PAUL: Well, I think that's the real contest. Because obviously the people that work for me and campaign for me want exactly the opposite, they want to get the government off their backs. And, you know, 52 percent might want a Democratic president, but that doesn't sound all that strong. I mean, right now, the Democratic congress isn't rating very high. That's a healthy sign that the American people are waking up and they're getting disgusted with what they're getting. So, maybe they will come to realize that we need less government, not more government. If they're unhappy, we can hardly argue that we've had minimal government over these past 50 years, all we do is have an expansion of government. And that fits my argument that we have too much government and we need a lot less.

CARLSON: But your government, as you just put it, you want government off our backs, you want government to stop interfering in people's lives. But isn't interference that natural consequence of government services? In other words, when someone does something for you, he's by definition interfering in your life. So if you want less government interference, you're going to get fewer government services. You're not going to have government-provided health care, for one thing.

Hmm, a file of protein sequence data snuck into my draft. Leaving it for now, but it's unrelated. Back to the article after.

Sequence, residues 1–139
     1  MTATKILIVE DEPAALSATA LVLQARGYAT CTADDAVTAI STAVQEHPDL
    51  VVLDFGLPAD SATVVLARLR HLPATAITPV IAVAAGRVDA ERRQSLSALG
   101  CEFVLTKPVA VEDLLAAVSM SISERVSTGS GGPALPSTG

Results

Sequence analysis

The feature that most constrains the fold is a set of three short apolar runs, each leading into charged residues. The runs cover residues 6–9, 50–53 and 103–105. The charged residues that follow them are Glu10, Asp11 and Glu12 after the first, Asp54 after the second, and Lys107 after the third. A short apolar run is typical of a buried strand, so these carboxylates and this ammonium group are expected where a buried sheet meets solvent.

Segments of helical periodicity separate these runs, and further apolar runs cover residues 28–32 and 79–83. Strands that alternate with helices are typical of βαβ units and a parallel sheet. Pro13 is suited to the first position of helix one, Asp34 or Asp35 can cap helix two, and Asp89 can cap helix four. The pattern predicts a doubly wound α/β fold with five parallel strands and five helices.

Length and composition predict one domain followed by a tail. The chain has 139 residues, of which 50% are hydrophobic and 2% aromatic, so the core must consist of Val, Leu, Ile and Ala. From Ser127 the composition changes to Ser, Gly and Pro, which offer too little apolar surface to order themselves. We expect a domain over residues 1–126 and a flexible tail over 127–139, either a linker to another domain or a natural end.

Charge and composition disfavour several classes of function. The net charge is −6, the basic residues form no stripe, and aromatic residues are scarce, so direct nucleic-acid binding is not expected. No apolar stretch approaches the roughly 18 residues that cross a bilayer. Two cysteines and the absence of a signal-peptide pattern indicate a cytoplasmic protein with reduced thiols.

PAUL: Yeah, you know, this is the whole thing. When you get something from government, that's all they talk about. The politician brags about it and the people who receive it, they feel good. Unless the services don't arrive on time, like in Katrina. You know, the services didn't work out so well. So I think what we forget are the people who have to pay. You know, there's the other half of the equation. Yes, the people who have to pay, and the young people, especially today, who are sick and tired of the mess and who are inheriting this debt and inheriting this war, they have to pay. So services always come with a cost, whether it's direct taxation, future taxation, borrowing, interest payments, or a debased currency, and that is inflation.